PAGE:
The Jakarta Post
The government plans to shift its authority to accredit study programs to higher education institutions.
Previously, accreditations for universities and their study programs were issued by the National Accreditation Agency for Higher Education (BAN-PT).
However, from March 1, 2015, BAN-PT will no longer have the authority to issue accreditation for medical programs, with the establishment of the first Independent Accreditation Institution (LAM), which will solely manage the accreditation of study programs.
'The institution will focus on health-study programs,' Research and Technology and Higher Education Minister Mohamad Nasir said during the launch of LAM in Senayan, Central Jakarta, on Thursday.
He said the establishment of the first LAM, consisting of non-government actors, would be followed by other independent accreditation institutions focused on other areas such as engineering.
BAN-PT managed the accreditation process for higher learning institutions, but not their study programs, said Nasir.
He added that the establishment of LAM was needed since it was not possible for BAN-PT to handle the accreditation of all the country's study programs.
'There are 21,000 study programs in the country, with health study programs alone reaching 3,000,' Nasir said.
LAM is headed by former rector and former dean of the University of Indonesia's Medical School, Usman Chatib Warsa.
Usman said the institution would operate differently than BAN-PT as it would only give accreditation to health study programs.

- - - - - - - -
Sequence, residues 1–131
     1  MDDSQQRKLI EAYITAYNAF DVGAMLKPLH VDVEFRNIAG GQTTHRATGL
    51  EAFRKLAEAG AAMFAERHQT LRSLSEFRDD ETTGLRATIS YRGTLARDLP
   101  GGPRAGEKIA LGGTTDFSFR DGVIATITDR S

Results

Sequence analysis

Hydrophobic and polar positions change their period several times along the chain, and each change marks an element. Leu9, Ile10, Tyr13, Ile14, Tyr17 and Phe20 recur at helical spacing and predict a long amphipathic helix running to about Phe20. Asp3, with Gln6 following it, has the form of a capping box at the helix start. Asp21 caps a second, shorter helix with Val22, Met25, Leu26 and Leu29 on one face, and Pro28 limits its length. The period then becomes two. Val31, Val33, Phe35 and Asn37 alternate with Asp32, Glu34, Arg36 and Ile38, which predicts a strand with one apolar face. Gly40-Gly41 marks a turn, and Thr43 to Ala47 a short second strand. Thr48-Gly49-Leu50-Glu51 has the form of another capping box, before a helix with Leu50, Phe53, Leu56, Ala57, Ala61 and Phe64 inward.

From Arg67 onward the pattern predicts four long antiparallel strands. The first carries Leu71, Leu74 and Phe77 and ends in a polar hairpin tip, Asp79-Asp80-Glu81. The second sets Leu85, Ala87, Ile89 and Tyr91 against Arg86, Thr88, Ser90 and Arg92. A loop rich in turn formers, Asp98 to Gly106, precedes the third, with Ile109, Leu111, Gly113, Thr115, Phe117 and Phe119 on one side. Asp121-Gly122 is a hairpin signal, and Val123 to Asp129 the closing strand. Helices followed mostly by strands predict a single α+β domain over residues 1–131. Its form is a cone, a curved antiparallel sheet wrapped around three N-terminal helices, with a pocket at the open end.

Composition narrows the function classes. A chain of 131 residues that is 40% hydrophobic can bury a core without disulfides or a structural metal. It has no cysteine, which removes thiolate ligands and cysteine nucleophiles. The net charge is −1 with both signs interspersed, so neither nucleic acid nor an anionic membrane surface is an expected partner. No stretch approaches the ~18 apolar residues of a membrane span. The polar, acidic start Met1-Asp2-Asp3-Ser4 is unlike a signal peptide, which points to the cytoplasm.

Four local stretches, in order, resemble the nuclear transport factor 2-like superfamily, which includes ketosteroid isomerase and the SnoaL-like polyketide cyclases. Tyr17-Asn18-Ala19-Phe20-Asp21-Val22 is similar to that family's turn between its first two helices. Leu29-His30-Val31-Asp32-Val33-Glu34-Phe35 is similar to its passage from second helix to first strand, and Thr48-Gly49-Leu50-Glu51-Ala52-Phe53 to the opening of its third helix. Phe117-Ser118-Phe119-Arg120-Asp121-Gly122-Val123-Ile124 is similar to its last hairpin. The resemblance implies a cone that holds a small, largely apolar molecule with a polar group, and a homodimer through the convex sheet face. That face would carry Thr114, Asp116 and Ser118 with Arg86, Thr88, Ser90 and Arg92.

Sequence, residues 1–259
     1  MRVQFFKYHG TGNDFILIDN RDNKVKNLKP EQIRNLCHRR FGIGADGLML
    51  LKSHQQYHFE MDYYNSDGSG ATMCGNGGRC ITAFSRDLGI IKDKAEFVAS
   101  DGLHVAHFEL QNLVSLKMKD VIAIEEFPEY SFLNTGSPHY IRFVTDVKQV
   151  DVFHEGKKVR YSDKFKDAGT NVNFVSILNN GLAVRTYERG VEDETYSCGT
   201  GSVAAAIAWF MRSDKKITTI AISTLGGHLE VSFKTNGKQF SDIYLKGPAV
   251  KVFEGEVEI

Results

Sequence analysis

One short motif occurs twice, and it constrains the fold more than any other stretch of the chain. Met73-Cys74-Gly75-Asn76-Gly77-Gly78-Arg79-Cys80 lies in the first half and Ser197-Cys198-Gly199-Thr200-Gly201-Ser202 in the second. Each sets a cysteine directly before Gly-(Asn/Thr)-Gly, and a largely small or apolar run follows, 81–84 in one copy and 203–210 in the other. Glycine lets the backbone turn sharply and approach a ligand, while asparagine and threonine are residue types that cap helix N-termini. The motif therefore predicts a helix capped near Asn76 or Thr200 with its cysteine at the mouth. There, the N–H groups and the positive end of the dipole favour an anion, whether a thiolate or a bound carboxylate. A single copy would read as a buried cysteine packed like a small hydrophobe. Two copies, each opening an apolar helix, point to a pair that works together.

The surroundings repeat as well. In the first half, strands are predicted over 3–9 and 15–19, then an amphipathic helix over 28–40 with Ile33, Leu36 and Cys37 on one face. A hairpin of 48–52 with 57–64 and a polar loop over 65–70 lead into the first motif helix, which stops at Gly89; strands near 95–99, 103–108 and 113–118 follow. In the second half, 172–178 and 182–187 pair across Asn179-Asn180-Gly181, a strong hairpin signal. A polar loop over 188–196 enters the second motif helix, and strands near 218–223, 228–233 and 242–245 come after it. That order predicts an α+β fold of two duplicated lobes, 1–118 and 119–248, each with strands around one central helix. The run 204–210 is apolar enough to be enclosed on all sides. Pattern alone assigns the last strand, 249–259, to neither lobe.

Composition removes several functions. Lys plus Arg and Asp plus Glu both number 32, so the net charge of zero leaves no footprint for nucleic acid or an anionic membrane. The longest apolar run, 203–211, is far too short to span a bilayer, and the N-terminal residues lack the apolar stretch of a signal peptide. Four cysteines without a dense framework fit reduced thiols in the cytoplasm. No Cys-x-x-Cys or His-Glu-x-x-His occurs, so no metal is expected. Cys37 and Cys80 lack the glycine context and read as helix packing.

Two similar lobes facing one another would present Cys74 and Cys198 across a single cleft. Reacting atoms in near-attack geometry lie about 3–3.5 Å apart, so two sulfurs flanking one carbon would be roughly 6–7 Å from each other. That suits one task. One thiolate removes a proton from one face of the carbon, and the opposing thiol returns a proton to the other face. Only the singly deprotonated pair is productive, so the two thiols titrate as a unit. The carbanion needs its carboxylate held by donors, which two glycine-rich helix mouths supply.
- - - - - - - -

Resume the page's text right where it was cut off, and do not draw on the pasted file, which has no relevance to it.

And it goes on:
LAM would also nurture schools with health study programs before assessing their qualities, he added.
'Our concept is partnership. We are pushing the schools so that there is a process of learning. If a university is not yet accredited, we will ask it to be our partner and give training for three to six months,' said Usman.
With this concept, he believed that 98 percent of medical study programs would pass the accreditation process.
Another difference between LAM and BAN-PT is that the former will use a specific set of criteria to evaluate study programs, while BAN-PT uses a one-size-fits-all approach to giving accreditation.
'We have to be more specific by differentiating each specialization of medical program. In the past, the instrument to evaluate study programs for doctors and public health officers was the same. This is what the government wants to fix,' Usman said.
While in the past, universities did not have to pay to have their medical study programs accredited as BAN-PT was entirely funded by the government, they will now have to pay up to Rp 47 million (US$3,716) to have one study program accredited.
Baiturrahmah University Dental School staffer Ricky Amban said paying for accreditation could lead to the credibility of the process being jeopardized.
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